From Pebble to VanMoof: the emerging problem of smart products & server dependence

When we look back at the history of smart technology, the Pebble tale stands out as an early example of a rising issue within the industry. Pebble’s smartwatches were among the first to require continuous server assistance in order to work properly. VanMoof, an e-bike firm, appears to have a similar tale to Pebble, stressing a potential bigger issue within the wearable tech sector.

The shaky path of VanMoof

Following in the footsteps of Pebble, VanMoof—a recently bankrupt e-bike manufacturer from Denmark—demonstrated the recurring subject of smart technology’s reliance on live servers. Founded in 2009, VanMoof’s e-bikes were widely praised when they were first released. However, the company ran into financial difficulties which led to its ultimate demise. Administrators are now considering whether the business can be restructured and keep going in some fashion.

These smart e-bikes run on a network of servers that communicate with the owner’s smartphone. For example, the bike’s unlocking method necessitates the exchange of a unique key code between the bike and VanMoof’s servers. Owners cannot obtain access to their bikes without this connection, leaving them with a pricey and immobile object.

A rival uncovered a potential solution to this problem by developing a system for generating dynamic key codes. It does, however, rely on initial seeding from a real VanMoof server. The bikes will become inaccessible to anyone who has not loaded this third-party app in advance once the servers are switched off. It’s a mess.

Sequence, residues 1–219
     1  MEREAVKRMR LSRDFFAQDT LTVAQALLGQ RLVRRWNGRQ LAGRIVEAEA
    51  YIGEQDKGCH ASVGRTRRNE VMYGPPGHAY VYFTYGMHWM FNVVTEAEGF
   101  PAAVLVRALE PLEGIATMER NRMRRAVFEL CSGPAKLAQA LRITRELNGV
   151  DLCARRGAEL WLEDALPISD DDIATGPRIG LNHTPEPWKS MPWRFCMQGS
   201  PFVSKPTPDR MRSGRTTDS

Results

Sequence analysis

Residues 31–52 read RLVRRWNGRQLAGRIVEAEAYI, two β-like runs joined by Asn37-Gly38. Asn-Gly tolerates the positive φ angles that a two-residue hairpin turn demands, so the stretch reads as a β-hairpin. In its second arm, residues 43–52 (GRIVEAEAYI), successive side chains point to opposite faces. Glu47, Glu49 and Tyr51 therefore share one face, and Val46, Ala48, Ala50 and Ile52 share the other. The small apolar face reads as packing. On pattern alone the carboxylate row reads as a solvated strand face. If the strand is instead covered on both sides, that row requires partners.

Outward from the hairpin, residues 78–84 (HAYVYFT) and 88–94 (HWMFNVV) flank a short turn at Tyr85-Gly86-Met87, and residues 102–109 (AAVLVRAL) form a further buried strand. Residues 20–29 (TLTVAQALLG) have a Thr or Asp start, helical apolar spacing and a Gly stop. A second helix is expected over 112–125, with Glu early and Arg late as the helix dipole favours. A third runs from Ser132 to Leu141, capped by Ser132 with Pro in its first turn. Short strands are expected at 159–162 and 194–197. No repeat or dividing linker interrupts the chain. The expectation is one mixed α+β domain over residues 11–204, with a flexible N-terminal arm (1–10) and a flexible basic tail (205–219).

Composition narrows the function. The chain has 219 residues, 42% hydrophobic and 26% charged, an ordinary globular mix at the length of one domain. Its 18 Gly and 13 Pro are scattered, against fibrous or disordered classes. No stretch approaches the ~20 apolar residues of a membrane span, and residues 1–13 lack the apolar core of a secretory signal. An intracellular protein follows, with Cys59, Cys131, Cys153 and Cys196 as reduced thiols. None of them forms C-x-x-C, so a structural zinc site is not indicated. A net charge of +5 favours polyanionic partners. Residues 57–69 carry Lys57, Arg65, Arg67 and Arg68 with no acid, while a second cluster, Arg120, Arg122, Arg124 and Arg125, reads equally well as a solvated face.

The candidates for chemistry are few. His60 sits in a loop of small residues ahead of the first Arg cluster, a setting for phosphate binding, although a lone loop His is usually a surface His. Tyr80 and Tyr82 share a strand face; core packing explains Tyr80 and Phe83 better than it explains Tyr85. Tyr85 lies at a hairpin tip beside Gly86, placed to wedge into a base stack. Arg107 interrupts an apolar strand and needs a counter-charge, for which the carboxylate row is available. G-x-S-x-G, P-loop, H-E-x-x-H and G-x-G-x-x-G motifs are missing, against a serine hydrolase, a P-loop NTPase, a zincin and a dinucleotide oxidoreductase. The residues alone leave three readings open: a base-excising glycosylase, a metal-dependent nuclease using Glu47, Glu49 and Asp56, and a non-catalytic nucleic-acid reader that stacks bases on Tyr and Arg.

A Pebble in the pond: The smartwatch’s legacy

Pebble’s tale is strikingly similar to VanMoof’s, establishing the pattern for the issue that many smart gadgets face today. The smartwatch relied significantly on live servers for functionality, and when the company went bankrupt, there were questions about the long-term operation of these gadgets.

Pebble is actually a brilliant example of how such circumstances could be handled. Even in the absence of economic interest, a committed crew known as the Rebble team stepped in to ensure the continuation of server support for the smartwatches. It’s not a perfect solution. But it demonstrates the value of community and accountability in the digital business. Years after the Pebble company ceised to exist, thousands of its watches are still ticking along on the wrists of loyal fans.

In the future: The birth of ‘digital orphans’

These examples emphasise the growing problem of ‘digital orphans’—smart gadgets made useless due to a lack of server support. It’s a worry that raises the question, “Are we entering an era in which technological advances will be hampered by their own dependencies?”

As more entrepreneurs release smart goods that rely on server support, the risk of these items becoming orphaned grows. Especially given the potential of these companies going bankrupt or being bought up and discontinuing support for older models.

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This isn’t just a theoretical issue. If a large-scale producer of smart gadgets fails, the impact could harm millions of users. Legislation may be required to protect consumers from such incidents.

The stories of Pebble and VanMoof serve as a warning tale, indicating that we should start talking about how to deal with this problem sooner rather than later. It’s a tangled scenario, but it’s one that will almost certainly grow more common as technology improves. We must learn from history and take actions to create a more secure future for smart products and their users.

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Ivan Jovin

Ivan has been a tech journalist for over 7 years now, covering all kinds of technology issues. He is the guy who gets to dive deep into the latest wearable tech news.

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